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    Digital Marketing

    Top Tips for Updating Your Digital Branding

    Your digital branding is often the first thing people notice when interacting with your brand online. Whether it’s on social media or through your website, it’s important to stay up to date and fresh. I’ve put together my top tips for updating the digital branding for your brand or business.

    All brands and businesses when starting up or modernising complete brand building exercises which then follow up with a full marketing plan. You want to know exactly what your brand will look and feel like to your target audience. This includes pinning down your brand logo, digital presence and what you can do to increase community engagement.

    Tip 1: Select a cohesive colour theme.

    A simple, easy to follow colour palette for your brand will help you stand out no questions asked.

    You want this to reflect your brand identity and remain in touch with what the brand represents, while remaining unique to other businesses and big names.

    Whether your colour palette is calm and relaxing neutral tones, or all-out eye-catching bring yellows and greens, you need to ensure your colour palette is noticeable across your platforms.

    Fast food companies often use the colour red to encourage feelings of hunger, which is why you’ll see this in the logos and marketing for KFC and McDonalds. Therapy and wellness brands will use cooler colours such as green, blue and purple to spark feelings of calmness.

    You can use this colour palette to represent you everywhere in your marketing and outreach, including your email marketing, leaflets, business cards, social media profiles and website.

    This doesn’t just mean sticking to one shade of one colour for everywhere and everything. You can choose a colour palette of complementary and cohesive colours. Think of it as an eyeshadow palette: what is the colour story here? What are you trying to do?

    Tip 2: Choose complimentary fonts

    Your font choice is the next step to ensuring a cohesive brand identity. You want to choose a font style for each individual style of text you’ll find on your platforms:

    • Headings and subheadings
    • Paragraph and body fonts
    • Annotations
    • Quotes
    • Logos

    You should spend time getting to know your brand and the personality of your brand. Are you cheeky? Are you serious? Are you elegant? Are you low end or high end? How your brand is perceived is conveyed through the fonts you choose for your website and brand imagery.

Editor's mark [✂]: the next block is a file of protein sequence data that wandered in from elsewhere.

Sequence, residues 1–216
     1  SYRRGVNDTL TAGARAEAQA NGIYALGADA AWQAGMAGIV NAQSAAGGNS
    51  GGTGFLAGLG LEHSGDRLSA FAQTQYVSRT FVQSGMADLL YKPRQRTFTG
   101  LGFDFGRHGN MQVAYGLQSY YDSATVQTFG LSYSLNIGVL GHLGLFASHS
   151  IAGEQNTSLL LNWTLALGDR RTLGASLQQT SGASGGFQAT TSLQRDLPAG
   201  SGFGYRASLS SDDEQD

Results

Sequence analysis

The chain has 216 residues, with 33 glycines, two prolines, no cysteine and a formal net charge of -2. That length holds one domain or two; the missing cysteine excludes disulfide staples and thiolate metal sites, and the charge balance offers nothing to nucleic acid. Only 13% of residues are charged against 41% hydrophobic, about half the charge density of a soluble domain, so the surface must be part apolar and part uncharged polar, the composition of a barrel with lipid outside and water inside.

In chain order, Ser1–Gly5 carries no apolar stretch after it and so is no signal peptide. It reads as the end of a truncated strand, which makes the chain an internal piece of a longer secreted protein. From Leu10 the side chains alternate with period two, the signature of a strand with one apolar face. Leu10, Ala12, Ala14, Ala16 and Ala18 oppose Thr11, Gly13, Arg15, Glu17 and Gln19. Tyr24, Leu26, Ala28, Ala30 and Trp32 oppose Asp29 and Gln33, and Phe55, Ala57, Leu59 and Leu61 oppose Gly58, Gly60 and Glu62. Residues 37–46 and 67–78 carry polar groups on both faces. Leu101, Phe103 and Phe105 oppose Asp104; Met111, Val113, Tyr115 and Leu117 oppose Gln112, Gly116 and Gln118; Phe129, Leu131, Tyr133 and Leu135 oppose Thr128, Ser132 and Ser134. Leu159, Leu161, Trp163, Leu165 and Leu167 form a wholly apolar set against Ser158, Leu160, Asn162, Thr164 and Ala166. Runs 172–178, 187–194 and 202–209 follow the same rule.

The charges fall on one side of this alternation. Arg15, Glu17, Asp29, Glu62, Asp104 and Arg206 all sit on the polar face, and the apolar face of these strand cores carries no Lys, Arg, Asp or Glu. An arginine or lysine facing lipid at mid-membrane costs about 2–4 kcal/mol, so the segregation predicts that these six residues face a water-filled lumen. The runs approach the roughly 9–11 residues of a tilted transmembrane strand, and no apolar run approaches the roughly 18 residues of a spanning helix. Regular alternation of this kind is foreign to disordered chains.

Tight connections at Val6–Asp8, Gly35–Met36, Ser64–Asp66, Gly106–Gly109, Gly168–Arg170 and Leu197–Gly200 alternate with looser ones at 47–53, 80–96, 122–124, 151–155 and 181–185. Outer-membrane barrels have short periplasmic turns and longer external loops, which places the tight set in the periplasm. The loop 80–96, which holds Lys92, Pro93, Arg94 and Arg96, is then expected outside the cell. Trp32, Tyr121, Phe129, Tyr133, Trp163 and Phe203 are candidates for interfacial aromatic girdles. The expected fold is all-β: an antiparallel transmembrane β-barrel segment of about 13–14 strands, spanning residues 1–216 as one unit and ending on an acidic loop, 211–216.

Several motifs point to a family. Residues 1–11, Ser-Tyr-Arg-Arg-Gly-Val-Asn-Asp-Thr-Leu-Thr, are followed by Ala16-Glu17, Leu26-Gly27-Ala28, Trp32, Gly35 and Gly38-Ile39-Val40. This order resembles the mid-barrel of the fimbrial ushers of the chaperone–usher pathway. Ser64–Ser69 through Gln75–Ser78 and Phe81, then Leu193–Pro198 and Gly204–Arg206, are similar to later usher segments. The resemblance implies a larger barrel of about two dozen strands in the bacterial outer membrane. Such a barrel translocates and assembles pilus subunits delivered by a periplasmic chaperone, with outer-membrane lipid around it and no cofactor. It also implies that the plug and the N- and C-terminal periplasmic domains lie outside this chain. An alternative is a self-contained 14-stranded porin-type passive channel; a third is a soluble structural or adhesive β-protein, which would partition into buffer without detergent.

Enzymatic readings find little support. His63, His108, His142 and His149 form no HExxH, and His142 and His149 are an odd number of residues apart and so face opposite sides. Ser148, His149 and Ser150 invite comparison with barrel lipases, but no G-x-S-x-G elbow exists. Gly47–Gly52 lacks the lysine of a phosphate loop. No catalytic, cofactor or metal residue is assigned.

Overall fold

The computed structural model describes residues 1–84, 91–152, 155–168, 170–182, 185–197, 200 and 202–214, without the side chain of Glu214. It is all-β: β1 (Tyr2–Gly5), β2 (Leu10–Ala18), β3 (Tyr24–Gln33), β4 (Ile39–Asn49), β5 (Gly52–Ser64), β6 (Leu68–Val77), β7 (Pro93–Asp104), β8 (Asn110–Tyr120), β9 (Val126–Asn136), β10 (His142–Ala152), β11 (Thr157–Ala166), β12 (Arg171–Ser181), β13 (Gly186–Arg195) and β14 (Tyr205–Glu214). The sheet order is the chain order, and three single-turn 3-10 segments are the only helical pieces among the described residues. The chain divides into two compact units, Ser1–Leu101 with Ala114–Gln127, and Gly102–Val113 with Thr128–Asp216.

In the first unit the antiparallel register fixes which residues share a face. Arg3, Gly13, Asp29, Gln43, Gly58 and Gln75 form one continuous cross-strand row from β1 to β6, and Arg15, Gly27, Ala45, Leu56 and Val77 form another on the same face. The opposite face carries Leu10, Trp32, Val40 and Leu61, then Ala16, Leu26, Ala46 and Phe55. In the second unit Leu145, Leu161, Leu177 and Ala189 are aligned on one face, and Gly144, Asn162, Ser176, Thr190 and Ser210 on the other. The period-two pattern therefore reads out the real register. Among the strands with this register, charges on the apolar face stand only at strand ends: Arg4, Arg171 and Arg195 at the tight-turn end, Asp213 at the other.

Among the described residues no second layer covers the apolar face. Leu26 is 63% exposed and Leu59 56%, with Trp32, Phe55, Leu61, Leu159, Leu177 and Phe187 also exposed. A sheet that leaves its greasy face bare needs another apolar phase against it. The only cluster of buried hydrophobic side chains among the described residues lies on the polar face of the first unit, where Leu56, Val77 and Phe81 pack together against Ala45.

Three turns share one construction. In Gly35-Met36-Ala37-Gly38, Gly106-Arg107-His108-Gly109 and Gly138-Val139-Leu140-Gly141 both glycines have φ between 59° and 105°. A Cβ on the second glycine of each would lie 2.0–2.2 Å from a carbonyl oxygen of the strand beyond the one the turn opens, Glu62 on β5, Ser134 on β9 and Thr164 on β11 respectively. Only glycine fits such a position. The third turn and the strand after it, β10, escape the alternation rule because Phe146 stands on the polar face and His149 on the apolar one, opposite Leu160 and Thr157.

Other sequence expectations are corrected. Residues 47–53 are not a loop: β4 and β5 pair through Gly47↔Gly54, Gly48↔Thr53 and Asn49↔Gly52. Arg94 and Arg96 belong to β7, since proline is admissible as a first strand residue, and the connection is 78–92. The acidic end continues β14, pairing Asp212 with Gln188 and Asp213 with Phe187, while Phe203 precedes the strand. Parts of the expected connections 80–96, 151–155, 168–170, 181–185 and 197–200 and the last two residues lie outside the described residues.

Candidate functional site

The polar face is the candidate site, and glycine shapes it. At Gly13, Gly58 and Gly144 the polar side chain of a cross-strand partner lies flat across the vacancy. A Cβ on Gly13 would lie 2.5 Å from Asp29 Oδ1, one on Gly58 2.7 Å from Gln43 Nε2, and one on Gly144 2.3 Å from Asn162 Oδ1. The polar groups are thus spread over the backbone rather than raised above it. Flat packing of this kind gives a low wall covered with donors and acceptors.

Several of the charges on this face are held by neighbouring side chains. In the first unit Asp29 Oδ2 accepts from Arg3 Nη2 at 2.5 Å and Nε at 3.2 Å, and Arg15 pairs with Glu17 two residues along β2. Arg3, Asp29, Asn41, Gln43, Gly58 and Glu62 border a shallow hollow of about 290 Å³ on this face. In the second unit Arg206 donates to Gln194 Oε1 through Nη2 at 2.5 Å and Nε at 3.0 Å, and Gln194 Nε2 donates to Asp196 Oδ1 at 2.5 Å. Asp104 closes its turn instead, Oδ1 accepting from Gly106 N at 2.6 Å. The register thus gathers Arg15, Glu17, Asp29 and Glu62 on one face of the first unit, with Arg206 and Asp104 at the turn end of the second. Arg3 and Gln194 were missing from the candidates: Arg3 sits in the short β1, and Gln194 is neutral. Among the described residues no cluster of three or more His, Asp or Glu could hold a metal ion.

You may decide to browse a graffiti font collection as inspiration for your brand logo if you’re aiming to become a well-known cult skate brand and that’s a great choice. This is cohesive with your brand niche and will help you stand out.

    It’s then important to find a font collection which compliments your logos and headings–something maybe a little less graffiti, but still in-keeping with your branding.

    It’s often found that good branding will pair a bold (often serif) header with a sans-serif, plain subheading to ensure trustworthiness and approachability. However, to appeal to younger audiences you may want to choose thick, rounded sans-serif fonts for a youthful and friendly feel.

    Your ideal brand fonts will be unique, memorable and legible. They should be capable of working on all platforms (if coded into the HTML or CSS) and should communicate your brand personality effectively.

    Tip 3: Reflect your new branding everywhere!

    This ones the biggie. You’ve updated your full branding including logos, fonts, brand colour palette. It’s now important to stick to that one word that’s popped up: cohesion.

    Without cohesion it will be difficult for your audience to identify you across platforms. What you find on your website and your marketing guide, you want to find everywhere.

    Use your new logo as your icon on social media platforms. Use the graffiti font (or other style–it’s completely your choice!) you found previously to create banging sale banners and social media graphics. Keep your colour palette the same everywhere whether that is in individual posts on your blog or across different pages on your website.

    Tip 4: Remain flexible.

    You may be stuck with your new branding for a while–which is usually the case as you want to remain easy to find and follow across the web and offline.

    You’ll need to try out various fonts, colour palettes and full branding before settling on what you want. You need to make sure what you want works well for every medium (print, web, mobile).

    Your fonts themselves will have multiple font weights (such as light, regular, semibold and bold) to ensure a clear hierarchy in text and this will be specified in your brand style guide.

    Lastly, you need to ensure everything is legible. It should be easy to recognise, read and understand your text (your colour palette can help here–contrasting colours will make things easier on the eye).

    So–now you’ve got your basic brand package and guidelines together, you can go forth and play about with what your brand will look like across the web!